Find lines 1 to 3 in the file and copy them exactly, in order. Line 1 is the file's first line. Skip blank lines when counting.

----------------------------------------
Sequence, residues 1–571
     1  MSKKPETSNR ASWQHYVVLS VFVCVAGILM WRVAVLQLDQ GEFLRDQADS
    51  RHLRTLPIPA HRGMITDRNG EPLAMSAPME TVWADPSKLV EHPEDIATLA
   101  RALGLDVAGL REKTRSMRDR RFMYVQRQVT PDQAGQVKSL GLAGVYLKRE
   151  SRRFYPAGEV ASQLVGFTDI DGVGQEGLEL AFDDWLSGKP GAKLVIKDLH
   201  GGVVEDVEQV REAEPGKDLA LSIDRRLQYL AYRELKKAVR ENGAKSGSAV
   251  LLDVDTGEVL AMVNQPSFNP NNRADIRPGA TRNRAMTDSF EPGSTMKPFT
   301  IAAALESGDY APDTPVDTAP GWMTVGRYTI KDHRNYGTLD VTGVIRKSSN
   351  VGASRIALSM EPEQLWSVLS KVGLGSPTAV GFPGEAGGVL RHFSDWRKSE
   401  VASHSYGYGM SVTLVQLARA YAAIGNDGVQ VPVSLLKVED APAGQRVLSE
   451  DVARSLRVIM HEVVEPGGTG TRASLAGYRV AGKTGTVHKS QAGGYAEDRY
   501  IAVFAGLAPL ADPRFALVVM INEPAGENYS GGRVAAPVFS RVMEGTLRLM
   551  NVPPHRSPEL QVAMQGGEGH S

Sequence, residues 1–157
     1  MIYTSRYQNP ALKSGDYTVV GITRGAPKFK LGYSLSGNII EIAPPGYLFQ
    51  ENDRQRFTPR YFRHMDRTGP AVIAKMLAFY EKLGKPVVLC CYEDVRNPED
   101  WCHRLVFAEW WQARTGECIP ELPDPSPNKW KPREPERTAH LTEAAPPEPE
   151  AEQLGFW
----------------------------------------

Sequence, residues 1–571
     1  MSKKPETSNR ASWQHYVVLS VFVCVAGILM WRVAVLQLDQ GEFLRDQADS
    51  RHLRTLPIPA HRGMITDRNG EPLAMSAPME TVWADPSKLV EHPEDIATLA